Not only are tax incentives offered to reduce or eliminate a portion of corporate franchise taxes, tangible personal property taxes, real property taxes, and sales and use taxes, but numerous programs offer low-interest loans and grants. Often, these can be combined into packages to induce a business to relocate or expand in one area over another. In return, the taxpayer creates or retain a certain number of jobs or invests a certain amount of money by an agreed upon date.
Over the last decade, smart business owners have increasingly used business tax incentives offered by the city of Columbus. The Columbus City Council approved incentive packages in 1992, 1993 and 1994. Similarly, the Village of Urbancrest, just outside Columbus, has granted five incentive packages in the last five years.
One of the more common incentive programs is the Community Reinvestment Area, or CRA. CRAs are areas in which housing facilities or structures of historical significance are located, and new housing construction and repair of existing facilities or structures is discouraged due to the distressed nature of the area. The community may grant up to a 100 percent exemption of the improved real property tax valuation for up to 15 years, depending on the project.
CRAs only grant exemptions from taxes on real property improvements, not on land and personal property, so businesses should consider combining this program with other tax incentives to create a package. The Ohio Job Creation Tax Credit and the warehouse machinery and equipment sales tax exemption are examples of other incentives that can be combined with a real property tax exemption.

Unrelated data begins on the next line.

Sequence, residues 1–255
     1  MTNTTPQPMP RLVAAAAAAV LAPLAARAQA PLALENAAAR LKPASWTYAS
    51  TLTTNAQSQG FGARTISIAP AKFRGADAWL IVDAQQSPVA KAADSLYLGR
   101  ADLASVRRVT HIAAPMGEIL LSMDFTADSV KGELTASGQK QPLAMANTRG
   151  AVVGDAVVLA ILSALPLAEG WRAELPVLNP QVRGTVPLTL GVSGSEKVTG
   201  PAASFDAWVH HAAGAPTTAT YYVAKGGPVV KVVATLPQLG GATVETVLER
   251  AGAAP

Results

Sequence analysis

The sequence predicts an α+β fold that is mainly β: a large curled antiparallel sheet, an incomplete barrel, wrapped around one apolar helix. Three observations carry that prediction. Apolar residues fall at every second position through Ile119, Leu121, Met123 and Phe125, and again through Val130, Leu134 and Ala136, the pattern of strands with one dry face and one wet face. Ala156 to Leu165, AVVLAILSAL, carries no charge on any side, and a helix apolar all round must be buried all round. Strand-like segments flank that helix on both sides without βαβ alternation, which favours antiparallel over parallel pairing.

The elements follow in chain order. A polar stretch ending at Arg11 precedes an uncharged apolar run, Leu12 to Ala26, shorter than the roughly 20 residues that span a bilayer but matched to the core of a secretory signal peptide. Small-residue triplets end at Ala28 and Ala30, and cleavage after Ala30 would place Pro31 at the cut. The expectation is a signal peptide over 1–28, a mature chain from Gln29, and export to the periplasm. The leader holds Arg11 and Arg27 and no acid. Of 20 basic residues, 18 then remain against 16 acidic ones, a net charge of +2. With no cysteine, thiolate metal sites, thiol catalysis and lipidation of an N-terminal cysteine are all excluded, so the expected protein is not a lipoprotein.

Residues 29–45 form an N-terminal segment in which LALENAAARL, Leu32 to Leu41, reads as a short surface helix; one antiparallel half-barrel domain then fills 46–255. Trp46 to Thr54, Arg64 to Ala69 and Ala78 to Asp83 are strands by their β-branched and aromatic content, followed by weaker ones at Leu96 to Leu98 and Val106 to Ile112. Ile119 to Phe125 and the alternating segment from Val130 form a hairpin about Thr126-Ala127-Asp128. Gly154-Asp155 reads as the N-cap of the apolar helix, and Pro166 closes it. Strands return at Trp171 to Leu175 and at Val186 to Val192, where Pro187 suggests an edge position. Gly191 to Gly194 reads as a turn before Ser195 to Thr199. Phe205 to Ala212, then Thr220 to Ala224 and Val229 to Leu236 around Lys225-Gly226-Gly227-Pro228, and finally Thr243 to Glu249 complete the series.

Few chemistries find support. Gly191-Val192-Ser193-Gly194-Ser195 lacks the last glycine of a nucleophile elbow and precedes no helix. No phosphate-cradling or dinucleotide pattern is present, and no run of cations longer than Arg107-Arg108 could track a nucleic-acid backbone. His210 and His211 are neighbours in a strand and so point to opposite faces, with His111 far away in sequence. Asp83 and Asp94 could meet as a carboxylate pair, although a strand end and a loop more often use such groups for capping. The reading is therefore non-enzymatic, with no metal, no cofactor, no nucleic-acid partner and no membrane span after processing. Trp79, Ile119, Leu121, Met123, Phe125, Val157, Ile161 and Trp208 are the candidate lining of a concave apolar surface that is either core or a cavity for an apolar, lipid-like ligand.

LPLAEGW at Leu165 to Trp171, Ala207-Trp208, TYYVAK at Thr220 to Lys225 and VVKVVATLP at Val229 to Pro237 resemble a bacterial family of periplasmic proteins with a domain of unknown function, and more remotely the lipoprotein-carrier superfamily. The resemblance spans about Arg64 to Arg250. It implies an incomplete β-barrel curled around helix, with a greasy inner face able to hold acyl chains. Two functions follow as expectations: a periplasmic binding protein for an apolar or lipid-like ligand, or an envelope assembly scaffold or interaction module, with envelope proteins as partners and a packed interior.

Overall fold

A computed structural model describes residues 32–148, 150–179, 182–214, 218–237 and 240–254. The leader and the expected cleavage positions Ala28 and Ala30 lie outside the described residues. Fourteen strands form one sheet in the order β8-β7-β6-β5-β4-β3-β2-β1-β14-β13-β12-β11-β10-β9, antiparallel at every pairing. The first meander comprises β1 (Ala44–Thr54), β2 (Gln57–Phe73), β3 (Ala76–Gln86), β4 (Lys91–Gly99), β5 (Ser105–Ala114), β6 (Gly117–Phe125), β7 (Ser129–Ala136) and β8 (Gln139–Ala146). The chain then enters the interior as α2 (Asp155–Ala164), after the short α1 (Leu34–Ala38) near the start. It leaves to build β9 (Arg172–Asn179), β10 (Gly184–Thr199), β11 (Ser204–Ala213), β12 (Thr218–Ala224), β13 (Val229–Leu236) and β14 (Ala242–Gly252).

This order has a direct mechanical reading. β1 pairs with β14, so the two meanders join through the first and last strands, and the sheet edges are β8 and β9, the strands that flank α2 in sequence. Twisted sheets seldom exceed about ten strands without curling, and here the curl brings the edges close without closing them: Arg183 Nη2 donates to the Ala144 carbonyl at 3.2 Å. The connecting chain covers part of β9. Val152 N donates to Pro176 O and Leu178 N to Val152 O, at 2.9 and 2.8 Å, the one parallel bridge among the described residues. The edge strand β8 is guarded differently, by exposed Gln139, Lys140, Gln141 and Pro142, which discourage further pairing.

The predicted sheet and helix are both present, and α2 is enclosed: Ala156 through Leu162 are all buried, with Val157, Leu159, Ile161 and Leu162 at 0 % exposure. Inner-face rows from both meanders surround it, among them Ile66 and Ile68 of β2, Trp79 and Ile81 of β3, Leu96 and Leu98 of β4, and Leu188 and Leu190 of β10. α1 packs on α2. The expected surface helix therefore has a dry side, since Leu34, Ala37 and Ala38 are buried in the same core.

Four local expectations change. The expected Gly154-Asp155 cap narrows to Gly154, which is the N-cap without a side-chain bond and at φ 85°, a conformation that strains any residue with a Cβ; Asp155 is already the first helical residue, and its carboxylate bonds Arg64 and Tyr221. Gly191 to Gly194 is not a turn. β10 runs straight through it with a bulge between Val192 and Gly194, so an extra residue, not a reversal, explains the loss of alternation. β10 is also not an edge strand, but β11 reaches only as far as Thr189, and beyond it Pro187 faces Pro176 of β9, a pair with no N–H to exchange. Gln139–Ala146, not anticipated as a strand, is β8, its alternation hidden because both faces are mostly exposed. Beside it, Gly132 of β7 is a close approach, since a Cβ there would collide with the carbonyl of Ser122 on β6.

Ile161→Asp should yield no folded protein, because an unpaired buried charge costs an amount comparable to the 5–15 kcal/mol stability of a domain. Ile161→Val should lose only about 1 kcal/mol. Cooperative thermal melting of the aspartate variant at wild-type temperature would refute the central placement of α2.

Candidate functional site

However, executives face losing tax incentives if their business does not hold up its end of the bargain. Incentive agreements are typically reviewed each year by a community's tax incentive review council, which consists of people including the mayor, the county auditor, a city council representative and officials from affected school districts.
The council recommends maintaining, reducing or eliminating incentives. It relies on the companies to provide job and financial information that indicates whether the company is living up to its commitments.
Until recently, most companies have met or exceeded their obligations and maintained their incentive packages. However, the economic downturn has led to some businesses failing to meet their obligations -- a local tax incentive review council recently cut a tax abatement by 10 percent each year over 10 years after the company cut its new construction in half.
A review council can also recommend the company pay back incentives it has already used.
A company can also lose incentives due to poorly drafted agreements. One company lost an exemption because the agreement contained a clause stating that no exemption would commence after a specific date. Unfortunately, the property was not used in the business -- and thus not eligible for the exemption -- until after that date.
Businesses must be careful when entering into incentive agreements. Agreements must be carefully scrutinized, and businesses must be realistic about their ability to produce jobs and make investments. Careful drafting and conservative forecasts can keep a business off the hot seat with a local tax incentive review council and ensure that its agreements will withstand scrutiny. Renee C. Khoury is an attorney with the Columbus office of Vorys, Sater, Seymour and Pease LLP, tax group. Reach Khoury at (614) 464-6400.